Judge Rules Chicago Public Schools Athletes Can Take Part in Sectionals

By Chris Hush and Natalie Martinez for NBC Chicago 5

“A judge granted an emergency injunction on Friday evening, which allowed Chicago Public Schools cross country student-athletes to automatically advance to sectional races, nearly a week after a separate judge denied their request to compete in a regional tournament.  In accordance with Illinois High School Association policy, hundreds of CPS athletes weren’t allowed to take part in competitions during the Chicago Teachers Union strike, which ended Oct. 31. In his ruling Friday, Judge Neil Cohen said irreparable harm would have been done to student-athletes if they weren’t able to run, and said allowing them to compete won’t hurt the IHSA. “I’m overwhelmed,” said Kent Sterling, an attorney and father of a runner. “As we were walking, I said, ‘there’s no time left on the clock. This is our last chance.'” On Friday morning, the IHSA board rejected the schools’ request to allow CPS cross country programs to take part in sectionals on Saturday. The IHSA contended upset parents would be violent at Saturday’s tournament if they allowed students to compete.”

Chicago Teachers Union sets dates for members to ratify new contract

By Tom Schuba for the Chicago Sun-Times

“Chicago teachers will vote next week to ratify the tentative contract agreement struck last week with Chicago Public Schools that suspended the union’s longest strike in more than three decades. Eric Ruder, a Chicago Teachers Union spokesman, confirmed the union’s 25,000 members can vote Nov. 14 and 15 at their schools or the CTU’s West Town headquarters. According to the CTU’s constitution, teachers must “vote in a secret ballot referendum” within 10 school days of a strike being postponed. While the CTU’s House of Delegates approved the tentative deal Wednesday in a tight 362-242 vote, members continued to strike Thursday as union leaders negotiated a deal with Mayor Lori Lightfoot to make up five of the canceled school days. Children ultimately returned to class Friday after missing 11 days. If a majority of CTU members who cast ballots accept the tentative contract — which is expected to cost $1.5 billion over five years — the strike will officially end. Then it’s up to the Chicago Board of Education to adopt the contract before it’s finalized. Should union members reject the deal, delegates are required to meet within five days to set a date to resume the strike.”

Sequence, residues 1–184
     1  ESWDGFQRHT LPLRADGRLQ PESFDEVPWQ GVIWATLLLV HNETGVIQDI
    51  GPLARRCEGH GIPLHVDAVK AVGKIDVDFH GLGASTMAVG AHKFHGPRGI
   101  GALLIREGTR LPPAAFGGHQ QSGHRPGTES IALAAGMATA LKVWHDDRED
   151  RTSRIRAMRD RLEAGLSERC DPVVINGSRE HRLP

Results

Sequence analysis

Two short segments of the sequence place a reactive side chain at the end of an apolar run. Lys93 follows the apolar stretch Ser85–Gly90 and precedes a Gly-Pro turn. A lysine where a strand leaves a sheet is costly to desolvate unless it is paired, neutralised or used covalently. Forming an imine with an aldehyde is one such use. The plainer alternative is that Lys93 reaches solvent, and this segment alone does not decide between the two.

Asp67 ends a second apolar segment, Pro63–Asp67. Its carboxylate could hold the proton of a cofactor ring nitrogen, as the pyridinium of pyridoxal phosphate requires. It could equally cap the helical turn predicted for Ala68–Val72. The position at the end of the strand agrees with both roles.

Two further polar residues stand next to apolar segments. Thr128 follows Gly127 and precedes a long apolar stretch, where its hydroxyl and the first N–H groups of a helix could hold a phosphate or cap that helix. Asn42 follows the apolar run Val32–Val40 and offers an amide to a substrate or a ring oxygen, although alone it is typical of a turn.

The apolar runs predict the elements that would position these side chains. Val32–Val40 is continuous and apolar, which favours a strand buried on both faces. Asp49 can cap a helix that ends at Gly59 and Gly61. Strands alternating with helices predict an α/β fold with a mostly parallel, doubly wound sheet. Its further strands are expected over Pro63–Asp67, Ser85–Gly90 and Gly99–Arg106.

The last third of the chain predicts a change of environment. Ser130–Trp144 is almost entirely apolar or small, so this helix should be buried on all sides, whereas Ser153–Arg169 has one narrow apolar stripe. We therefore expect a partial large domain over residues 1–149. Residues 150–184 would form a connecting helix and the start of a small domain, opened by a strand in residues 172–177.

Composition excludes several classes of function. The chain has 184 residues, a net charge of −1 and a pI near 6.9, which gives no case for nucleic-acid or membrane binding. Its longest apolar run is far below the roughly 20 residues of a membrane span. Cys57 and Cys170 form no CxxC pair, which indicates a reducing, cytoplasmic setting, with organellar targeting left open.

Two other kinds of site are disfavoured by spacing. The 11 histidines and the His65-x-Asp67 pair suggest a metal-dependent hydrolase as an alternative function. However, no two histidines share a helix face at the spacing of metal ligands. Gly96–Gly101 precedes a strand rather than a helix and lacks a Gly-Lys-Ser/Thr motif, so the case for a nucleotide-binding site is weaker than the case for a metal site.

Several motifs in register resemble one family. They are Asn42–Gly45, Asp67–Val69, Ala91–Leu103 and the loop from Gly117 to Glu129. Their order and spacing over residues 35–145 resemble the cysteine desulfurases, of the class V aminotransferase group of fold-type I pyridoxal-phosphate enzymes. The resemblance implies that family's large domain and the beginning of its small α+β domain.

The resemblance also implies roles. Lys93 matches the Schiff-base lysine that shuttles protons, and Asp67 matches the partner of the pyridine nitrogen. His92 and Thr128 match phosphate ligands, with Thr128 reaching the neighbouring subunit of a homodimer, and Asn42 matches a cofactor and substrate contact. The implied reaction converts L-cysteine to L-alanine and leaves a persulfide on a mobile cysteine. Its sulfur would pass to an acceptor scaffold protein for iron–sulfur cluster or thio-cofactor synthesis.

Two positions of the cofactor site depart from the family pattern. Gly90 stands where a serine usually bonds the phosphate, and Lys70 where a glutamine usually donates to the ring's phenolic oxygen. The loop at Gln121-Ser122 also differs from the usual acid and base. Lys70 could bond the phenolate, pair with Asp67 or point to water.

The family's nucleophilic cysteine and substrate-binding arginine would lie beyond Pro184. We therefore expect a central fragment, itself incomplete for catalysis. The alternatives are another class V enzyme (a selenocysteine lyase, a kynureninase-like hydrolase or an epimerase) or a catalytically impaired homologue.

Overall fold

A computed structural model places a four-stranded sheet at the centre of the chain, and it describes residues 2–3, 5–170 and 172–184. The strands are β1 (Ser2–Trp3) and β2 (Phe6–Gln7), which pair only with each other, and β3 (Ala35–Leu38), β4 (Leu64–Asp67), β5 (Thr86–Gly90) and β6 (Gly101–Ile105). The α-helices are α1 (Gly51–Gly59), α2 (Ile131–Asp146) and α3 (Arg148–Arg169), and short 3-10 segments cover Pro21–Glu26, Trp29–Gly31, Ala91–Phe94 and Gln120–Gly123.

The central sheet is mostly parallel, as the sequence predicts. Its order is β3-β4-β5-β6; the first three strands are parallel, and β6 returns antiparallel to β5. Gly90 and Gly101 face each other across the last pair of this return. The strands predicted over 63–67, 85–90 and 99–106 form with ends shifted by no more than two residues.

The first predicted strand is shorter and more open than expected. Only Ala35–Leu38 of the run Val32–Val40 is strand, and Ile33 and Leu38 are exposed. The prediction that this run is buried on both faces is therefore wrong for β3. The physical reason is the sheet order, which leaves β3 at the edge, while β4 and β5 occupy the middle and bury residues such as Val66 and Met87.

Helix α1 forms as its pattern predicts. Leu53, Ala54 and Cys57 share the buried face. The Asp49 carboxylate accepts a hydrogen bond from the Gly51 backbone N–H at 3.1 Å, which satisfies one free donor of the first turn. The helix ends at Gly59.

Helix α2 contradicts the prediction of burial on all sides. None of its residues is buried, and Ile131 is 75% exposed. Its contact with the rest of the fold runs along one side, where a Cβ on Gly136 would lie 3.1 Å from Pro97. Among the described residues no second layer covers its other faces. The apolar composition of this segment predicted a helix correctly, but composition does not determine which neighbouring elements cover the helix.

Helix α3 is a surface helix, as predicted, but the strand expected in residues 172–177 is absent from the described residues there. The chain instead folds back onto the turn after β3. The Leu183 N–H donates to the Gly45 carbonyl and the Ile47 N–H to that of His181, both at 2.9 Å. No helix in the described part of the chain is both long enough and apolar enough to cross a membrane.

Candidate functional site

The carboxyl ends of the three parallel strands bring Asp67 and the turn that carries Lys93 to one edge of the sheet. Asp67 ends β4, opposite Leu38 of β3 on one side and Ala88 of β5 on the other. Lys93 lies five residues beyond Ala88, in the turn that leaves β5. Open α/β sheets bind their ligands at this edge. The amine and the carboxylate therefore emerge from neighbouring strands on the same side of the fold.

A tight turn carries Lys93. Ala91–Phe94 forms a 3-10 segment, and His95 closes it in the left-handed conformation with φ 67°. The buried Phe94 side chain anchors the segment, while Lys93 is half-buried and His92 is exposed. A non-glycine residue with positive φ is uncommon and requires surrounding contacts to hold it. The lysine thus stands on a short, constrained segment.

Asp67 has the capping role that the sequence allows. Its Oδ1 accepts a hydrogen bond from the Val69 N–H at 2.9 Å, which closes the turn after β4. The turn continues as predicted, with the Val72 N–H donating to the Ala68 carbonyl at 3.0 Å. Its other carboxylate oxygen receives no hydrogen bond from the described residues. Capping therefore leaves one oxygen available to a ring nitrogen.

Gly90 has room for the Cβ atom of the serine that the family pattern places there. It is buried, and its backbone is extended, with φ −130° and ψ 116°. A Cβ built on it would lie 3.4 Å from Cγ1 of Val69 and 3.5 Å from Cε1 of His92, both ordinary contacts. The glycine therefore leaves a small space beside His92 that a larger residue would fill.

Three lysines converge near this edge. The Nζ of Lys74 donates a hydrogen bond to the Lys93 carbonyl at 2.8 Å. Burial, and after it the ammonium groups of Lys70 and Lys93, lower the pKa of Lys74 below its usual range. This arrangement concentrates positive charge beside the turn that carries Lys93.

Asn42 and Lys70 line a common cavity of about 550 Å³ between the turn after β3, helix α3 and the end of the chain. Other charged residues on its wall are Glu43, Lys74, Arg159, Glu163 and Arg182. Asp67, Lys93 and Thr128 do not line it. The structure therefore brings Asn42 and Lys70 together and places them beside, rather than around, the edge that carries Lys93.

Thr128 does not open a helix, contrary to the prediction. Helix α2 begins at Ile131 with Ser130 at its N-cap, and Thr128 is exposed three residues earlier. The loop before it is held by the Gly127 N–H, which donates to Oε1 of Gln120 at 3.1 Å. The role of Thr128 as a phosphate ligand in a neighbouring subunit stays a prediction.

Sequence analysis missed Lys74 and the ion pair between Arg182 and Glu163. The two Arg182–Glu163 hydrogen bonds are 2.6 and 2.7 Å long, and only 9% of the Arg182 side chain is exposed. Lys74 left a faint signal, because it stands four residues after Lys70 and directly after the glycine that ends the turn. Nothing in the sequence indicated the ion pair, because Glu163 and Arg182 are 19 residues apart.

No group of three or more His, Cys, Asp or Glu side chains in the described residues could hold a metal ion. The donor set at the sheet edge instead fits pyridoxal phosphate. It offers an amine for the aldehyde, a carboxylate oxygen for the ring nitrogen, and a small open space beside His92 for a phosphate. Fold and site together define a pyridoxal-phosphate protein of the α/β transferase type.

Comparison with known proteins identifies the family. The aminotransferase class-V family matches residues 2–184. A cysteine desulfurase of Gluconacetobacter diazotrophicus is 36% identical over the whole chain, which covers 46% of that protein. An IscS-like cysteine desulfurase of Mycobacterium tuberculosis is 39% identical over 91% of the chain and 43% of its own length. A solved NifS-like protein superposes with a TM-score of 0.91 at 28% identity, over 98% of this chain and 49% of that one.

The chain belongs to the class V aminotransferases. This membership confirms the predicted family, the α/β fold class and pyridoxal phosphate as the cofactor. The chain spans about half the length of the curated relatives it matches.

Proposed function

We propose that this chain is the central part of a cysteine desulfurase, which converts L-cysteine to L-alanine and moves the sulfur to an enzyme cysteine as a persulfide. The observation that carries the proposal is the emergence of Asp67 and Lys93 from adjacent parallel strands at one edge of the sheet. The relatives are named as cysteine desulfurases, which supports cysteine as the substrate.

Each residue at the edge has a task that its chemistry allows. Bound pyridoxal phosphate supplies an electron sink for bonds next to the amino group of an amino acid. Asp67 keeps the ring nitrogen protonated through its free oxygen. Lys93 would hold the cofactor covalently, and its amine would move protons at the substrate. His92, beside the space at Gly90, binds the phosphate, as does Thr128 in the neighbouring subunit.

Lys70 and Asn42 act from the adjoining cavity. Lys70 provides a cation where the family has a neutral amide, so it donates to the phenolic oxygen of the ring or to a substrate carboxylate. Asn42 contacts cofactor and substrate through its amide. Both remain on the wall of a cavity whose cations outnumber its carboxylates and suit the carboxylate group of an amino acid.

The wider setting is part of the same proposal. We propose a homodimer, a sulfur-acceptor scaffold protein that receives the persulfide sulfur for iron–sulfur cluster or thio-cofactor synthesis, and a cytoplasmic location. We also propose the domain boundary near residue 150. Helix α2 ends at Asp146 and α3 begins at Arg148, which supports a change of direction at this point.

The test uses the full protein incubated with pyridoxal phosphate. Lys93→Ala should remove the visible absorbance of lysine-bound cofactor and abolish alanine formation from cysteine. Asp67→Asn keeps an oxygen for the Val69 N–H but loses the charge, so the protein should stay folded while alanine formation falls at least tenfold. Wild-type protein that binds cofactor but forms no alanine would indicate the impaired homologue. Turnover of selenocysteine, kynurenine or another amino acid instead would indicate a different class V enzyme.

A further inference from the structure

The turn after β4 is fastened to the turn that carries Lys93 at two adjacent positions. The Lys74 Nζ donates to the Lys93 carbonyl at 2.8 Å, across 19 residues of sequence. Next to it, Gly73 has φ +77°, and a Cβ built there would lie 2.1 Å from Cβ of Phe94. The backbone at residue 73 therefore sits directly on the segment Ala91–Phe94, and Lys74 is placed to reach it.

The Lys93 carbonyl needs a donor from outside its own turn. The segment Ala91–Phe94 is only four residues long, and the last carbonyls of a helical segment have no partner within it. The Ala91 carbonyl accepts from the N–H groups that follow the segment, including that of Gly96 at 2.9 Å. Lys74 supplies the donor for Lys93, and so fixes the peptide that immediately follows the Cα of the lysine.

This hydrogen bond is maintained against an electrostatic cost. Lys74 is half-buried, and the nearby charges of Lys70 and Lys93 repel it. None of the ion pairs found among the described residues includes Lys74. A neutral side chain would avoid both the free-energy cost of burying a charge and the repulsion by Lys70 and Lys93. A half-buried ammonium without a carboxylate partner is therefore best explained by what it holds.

Property taxes will fund most of CTU’s $1.5 billion new contract

By Greg Hinz for Crain’s Chicago Business

“Chicago homeowners and other property owners will be on the hook for most of the cost of Chicago Public Schools’ record $1.5 billion contract settlement with the Chicago Teachers Union, CPS officials are conceding. “We’ve repeatedly called for more progressive forms of revenue to support CPS public schools: a reinstatement of the corporate head tax; an end to TIF districts and TIF handouts that privilege the wealthy few at the expense of public needs,” CTU spokeswoman Chris Geovanis said in an email after I asked for a response to the CPS statement. And, she added, “CPS needs to reset its priorities to reduce the waste of public dollars, and support more equitable mechanisms to support public education across the state, including right here in Chicago.”

Chicago teachers’ abuse of sick days should leave us all feeling ill

By the Sun-Times Editorial Board

“Lots of Chicago teachers call in sick when they are not sick. Just because they can. Yes, we’re talking about those very same members of the Chicago Teachers Union who just staged a two-week strike to fight — so they told us time and again — for Chicago’s kids. As reported by Matthew Hendrickson of the Sun-Times, that sad fact lies behind a little noticed provision in the teachers’ new tentative contract. The teachers will be allowed to accumulate as many as 244 sick days, which they can put toward an earlier retirement with a full pension. Some teachers will be able to retire about a year and half early. Why would Mayor Lori Lightfoot, the Chicago Public Schools and CTU agree to this change in the contract? To give teachers who are not sick a greater incentive not to call in sick, which is among the more inexcusably disruptive things that can happen to a classroom. CPS found that teachers have been calling in sick about 150% more often since 2012, which is when a provision was eliminated that allowed teachers to save up and cash in — for hard money — up to 325 unused sick days when they retire. No longer allowed to accumulate and cash in so many unused sick days, teachers have been treating them like personal days under a different name.”